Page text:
BroadbandTV will deliver the a la carte programming nirvana that consumer’s desire, and it will do so at the subscription pay TV model’s peril. That’s according to this recent BusinessWeek article, . The authors postulate several theories which suggest that consumers will adopt broadbandTV to gain access to the content model of “give-me-what-I-want-when-I-want-it,” and reject the current model of “take-what-we-offer-you.” They also suggest that 40% of U.S. consumers will have some way of connecting their TV displays directly or indirectly to the Internet within 3 years. By five years, that number will grow to 70% and represent a true mass market. The tipping point is well on its way because televisions are now shipping with Ethernet ports and broadbandTV enabled gaming consoles will be in one third of all U.S. TV households by 2010. The implications suggest that cable, DBS, and telcoTV providers are in trouble. “The barriers that have long inhibited Internet-based TV are beginning to crumble. The TV manufacturers will win; the gaming companies will win; the best new platforms blending personalized and branded content will win; Hollywood will win; and consumers will win. And, unless they find ways to adapt very quickly, telecoms and cable companies will lose.”

To be fair, the BusinessWeek article is authored by Herve Utheza and Gary Morgenthaler, both of whom are heavily invested in the broadbandTV space. But they bring up some interesting issues. The reality of broadbandTV today is it’s simply too complicated for average consumers to install, find, and watch content consistently. Should those barriers be lowered through things like broadbandTV enabled set-top-boxes, game consoles, and even the televisions themselves, the story could change. If broadbandTV does truly become plug and play, we may very well see some Utheza and Morganthaler broadbandTV predictions come true. Cable and telcoTV providers may be challenged to adapt their business and revenue models to ensure they don’t concede their subscription TV business to the burgeoning broadbandTV ecosystem. DBS may feel the broadbandTV pinch more, because they don’t have broadband connections to the home, making a broadbandTV strategy somewhat more complicated for them.

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3 thoughts on “BroadbandTV Will Gain at the Expense of Cable/DBS/TelcoTV

  1. Many people are making this argument too simple. The current system will be around for a long time to come. Here’s why – content owners have a wonderful annuity with the subscription model. To wreck that by trying to bypass their cable/DBS partners would be like shooting themeselves in the foot and then reloading and doing it again. Why would they risk giving up a virtually guaranteed anuity for the risk of trying to replace it with building direct relationships with fickle consumers. It makes no sense – but I guess its good to talk about.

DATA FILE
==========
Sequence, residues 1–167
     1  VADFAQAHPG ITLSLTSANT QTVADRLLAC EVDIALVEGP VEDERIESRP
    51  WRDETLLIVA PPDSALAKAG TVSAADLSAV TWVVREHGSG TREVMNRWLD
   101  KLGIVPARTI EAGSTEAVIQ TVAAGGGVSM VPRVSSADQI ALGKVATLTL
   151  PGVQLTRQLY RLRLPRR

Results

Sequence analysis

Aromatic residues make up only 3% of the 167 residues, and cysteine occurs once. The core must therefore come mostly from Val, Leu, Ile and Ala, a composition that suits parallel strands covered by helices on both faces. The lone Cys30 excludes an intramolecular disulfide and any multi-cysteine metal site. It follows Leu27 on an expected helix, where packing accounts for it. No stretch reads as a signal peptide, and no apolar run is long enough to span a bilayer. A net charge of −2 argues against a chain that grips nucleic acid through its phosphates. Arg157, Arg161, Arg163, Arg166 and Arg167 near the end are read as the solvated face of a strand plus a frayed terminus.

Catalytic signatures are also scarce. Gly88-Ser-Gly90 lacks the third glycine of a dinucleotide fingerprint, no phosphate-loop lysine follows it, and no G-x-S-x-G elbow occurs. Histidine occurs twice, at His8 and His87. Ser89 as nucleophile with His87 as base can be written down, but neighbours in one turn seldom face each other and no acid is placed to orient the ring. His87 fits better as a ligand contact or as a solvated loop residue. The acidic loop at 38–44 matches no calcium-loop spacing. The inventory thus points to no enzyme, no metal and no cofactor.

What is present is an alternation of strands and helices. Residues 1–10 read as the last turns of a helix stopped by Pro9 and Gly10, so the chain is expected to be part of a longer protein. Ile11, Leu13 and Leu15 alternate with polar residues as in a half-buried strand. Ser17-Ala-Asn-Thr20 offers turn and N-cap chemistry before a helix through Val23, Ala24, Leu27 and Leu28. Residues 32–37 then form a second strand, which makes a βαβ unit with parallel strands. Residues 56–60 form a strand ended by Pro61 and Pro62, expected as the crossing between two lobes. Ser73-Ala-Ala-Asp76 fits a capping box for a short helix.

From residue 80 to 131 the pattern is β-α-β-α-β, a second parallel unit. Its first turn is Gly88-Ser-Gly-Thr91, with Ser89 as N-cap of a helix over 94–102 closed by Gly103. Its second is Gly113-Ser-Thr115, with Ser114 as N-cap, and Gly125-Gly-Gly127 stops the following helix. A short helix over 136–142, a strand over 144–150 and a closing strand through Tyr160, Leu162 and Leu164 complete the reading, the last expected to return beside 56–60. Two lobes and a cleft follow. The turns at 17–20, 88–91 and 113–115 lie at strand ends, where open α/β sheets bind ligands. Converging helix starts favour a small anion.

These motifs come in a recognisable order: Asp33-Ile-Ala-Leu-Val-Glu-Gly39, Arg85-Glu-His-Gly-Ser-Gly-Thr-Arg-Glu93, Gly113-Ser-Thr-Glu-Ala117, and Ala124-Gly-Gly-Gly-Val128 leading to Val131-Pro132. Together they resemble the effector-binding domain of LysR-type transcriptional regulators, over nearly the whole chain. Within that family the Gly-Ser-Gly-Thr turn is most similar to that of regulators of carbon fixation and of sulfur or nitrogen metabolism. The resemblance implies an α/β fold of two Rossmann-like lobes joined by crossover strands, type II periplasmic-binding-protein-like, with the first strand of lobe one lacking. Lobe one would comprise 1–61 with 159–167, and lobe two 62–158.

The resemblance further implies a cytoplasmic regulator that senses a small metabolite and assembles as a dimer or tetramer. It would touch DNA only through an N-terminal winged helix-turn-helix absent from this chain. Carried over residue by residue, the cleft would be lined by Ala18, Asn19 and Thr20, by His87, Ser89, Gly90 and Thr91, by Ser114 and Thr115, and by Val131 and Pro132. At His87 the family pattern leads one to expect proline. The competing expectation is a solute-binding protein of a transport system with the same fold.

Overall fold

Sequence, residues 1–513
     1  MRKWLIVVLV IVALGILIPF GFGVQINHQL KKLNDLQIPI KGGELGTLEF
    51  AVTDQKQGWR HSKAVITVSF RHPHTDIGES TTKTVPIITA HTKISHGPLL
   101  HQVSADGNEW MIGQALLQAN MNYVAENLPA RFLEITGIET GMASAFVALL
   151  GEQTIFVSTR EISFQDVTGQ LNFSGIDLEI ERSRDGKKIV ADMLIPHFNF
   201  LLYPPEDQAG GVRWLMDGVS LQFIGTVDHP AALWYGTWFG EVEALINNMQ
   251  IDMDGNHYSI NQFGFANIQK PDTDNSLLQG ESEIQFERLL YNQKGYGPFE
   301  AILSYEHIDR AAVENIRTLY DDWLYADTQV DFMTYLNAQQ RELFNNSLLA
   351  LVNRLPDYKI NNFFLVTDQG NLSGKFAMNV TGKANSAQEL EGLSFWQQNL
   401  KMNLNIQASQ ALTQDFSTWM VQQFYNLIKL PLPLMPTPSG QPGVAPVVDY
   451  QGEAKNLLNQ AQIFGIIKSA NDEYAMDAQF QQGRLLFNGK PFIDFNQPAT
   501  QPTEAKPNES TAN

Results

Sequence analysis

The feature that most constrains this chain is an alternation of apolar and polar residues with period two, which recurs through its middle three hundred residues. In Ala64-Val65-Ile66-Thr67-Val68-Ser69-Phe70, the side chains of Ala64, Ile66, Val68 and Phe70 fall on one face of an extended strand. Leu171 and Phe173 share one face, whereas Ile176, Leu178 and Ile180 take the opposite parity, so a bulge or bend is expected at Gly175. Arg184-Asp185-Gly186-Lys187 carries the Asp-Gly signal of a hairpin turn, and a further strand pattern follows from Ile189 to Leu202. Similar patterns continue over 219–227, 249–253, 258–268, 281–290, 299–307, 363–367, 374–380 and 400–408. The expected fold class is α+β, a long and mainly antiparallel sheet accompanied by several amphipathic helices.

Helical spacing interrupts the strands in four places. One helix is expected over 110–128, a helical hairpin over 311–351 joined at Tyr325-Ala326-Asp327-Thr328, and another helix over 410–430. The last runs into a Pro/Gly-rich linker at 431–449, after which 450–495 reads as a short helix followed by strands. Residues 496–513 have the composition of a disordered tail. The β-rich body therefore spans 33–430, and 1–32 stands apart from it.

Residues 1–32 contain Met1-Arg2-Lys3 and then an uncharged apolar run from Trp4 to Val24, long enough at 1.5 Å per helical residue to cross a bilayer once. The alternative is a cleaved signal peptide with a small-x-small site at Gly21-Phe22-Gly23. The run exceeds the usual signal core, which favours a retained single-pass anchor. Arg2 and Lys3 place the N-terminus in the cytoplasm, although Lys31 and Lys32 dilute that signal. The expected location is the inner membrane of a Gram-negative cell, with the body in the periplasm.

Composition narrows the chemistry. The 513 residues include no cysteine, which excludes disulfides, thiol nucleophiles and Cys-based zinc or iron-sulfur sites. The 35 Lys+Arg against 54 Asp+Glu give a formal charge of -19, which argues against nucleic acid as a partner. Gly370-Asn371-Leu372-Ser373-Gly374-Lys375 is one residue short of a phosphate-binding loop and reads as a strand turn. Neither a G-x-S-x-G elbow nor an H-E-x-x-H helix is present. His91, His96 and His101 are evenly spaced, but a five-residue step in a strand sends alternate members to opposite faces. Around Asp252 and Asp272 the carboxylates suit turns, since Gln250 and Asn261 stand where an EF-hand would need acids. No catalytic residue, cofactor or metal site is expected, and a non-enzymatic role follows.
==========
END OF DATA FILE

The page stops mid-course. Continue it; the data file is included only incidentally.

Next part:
2. What Mr. Williams said, and more of it.

    The Biz Week piece reads, frankly, like an IPTV ad. The technology has been there for *quite* some time (Microsoft Media Center, anyone?), but the author’s basic arguments — TVs with Ether, “hybrid” delivery (a settop box, maybe?), and the always-coming “hockey stick” growth curve of game consoles — conveniently avoid mentioning where the programs are coming from. HBO is going to strike a deal with Sharp? NBC Universal is going to license its programs to *hardware vendors*? I wouldn’t hold your breath.

    As a consultant to MSOs and providers I’ve been hearing the “telcos, cable, and DBS are toast” argument for over ten years and frankly it’s getting a little stale. Understand, I’d actually *love* to see these guys — especially cable — lose some of their customary arrogance. But don’t assume you can just throw some new hardware into a home, wire it up, and viewers will instantly just start watching their favorite programs like they always have. There is *much* more at stake here than just “broadband is increasing and we can stream shows” — and the high-profile stumbles in this area (see Uverse, Apple iTV, not to mention a score of movie download companies) haven’t exactly burnished its image either.

  3. While I’ll agree the issue of putting video distribution channels is slightly over blown, there is some real disruption taking place. They won’t go out of business, but they will be forced to alter their business model significantly. If they go fighting, they’ll lose. If they are rational and adapt, they’ll be fine.

    You can’t underestimate the choices that consumers will now have for content choice. Smart operators will find ways to embrace that choice and build competitive advantage around it. Those that try to force the old way of doing things will die – it’ll be a slow death, but dead is still dead.

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